Inflation and prices: 10% a month is around the corner

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The April inflation data is not surprising. The economy works with high inertia and a large part of it sees the free dollar as the only price which, in a context of such dispersion of the same, serves as a reference. In essence, a reflection that the Argentine currency is losing another of its functions, that of a unit of measurement.

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The dollar had lagged behind prices and, by catching up in recent months, the inflation rate is accelerating. Therefore, the economy is set to reach a double-digit monthly number if no measures are taken to counter it. These measures should be implemented sooner rather than later, as May appears to be picking up on April due to last month’s carryover effect and increases in some regulated goods and services.

The main measure is not that difficult to take, is to accept that you are facing a complex situation. Which the Government has relativized by saying several times that “the worst is over …”. If this inflation has to correct the official exchange rate, the tariffs and mounts a high inertia, there is no reason to believe that this will be the case, indeed, the worst is yet to come.

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That doesn’t necessarily imply that the economy will face hyperinflation, but flirting with that possibility could materialize.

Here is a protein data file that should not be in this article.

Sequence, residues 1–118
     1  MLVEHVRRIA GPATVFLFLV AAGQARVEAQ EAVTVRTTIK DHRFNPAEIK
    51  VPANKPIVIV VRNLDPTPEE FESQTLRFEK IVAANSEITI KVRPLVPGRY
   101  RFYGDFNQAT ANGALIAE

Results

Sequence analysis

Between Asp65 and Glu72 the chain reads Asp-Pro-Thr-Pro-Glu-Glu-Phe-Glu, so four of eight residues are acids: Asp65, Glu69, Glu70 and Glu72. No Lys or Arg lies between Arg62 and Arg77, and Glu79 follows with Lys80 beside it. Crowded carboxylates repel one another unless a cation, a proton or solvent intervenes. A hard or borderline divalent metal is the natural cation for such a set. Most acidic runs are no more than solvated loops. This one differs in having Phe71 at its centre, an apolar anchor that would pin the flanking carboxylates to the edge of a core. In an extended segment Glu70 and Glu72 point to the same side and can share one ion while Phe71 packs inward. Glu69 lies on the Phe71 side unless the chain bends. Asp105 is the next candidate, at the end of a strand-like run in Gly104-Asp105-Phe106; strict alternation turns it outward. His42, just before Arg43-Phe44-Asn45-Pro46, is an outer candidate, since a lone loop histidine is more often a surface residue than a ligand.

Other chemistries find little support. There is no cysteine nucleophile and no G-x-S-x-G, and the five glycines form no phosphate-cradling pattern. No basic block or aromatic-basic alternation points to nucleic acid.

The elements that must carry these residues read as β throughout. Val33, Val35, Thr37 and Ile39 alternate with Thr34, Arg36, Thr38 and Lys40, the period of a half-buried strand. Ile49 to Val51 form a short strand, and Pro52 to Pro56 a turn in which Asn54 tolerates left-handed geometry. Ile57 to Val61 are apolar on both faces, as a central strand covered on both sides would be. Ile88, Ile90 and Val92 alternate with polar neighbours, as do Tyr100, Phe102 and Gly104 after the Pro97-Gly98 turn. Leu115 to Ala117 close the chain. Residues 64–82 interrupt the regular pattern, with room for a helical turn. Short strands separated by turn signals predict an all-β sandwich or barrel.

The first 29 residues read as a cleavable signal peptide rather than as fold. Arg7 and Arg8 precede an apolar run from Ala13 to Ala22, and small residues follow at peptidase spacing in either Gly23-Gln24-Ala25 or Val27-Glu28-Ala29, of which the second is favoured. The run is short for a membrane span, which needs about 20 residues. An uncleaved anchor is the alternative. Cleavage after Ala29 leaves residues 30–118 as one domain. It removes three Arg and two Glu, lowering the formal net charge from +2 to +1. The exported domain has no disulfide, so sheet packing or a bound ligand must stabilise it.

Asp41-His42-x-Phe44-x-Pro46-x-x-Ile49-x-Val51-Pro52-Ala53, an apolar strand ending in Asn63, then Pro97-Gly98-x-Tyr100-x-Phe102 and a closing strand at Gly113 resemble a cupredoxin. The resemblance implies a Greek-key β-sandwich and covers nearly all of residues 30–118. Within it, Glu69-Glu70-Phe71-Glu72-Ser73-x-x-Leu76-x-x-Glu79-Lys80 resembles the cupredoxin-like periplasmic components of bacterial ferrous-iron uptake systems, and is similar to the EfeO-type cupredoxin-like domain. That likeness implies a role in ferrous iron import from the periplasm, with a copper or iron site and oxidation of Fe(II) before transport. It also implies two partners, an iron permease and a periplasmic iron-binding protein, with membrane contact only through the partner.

If the economic cabinet deigns to set a realistic inflation target, it is possible that it will shift from the role of amplifier of uncertainty to that of stabilizer. If the first is to speculate that inflation will continue to spiral out of control, the second is to start building credibility. At some point it is necessary to start this task and announce that the BCRA will use the tools at its disposal to curb inflation. In other words, stop looking at the Secretary of Commerce and start looking at the BCRA for inflation data explanations.

This year’s issuance perhaps exceeds the target set by the IMF, these are figures that the BCRA does not announce. Transparency has become central to the conduct of standard monetary policy in any normal country, not just those operating under inflation-targeting regimes.

Third, and related to credibility, is the little-discussed discussion of what BCRA board decisions look like. The natural recommendation is that it be composed of independent professionals, or at least that they represent different points of view on the performance of the economy. Something where our monetary authority is still far from achieving.

These first measures do not exclude the possibility of being accompanied by heterodox measures such as the monitoring of price increases, or even the attempt to face discussion tables to establish agreements on prices and wages. But these must surely function as second-order measures behind fiscal and monetary discipline. Something that, in addition to respecting them, must be announced and respected, giving the maximum possible responsibility to society.

Source: Clarin

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